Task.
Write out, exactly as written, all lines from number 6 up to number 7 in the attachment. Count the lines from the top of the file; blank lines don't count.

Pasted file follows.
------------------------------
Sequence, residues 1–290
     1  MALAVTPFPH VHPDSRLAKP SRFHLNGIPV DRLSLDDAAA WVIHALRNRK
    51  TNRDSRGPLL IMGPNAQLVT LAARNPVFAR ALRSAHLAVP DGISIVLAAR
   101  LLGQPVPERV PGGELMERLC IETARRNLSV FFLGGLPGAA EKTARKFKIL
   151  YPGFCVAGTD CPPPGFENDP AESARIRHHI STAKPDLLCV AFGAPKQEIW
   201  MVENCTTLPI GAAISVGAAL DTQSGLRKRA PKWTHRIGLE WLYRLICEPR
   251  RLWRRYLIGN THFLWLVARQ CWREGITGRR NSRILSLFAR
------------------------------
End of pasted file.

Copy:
   201  MVENCTTLPI GAAISVGAAL DTQSGLRKRA PKWTHRIGLE WLYRLICEPR
   251  RLWRRYLIGN THFLWLVARQ CWREGITGRR NSRILSLFAR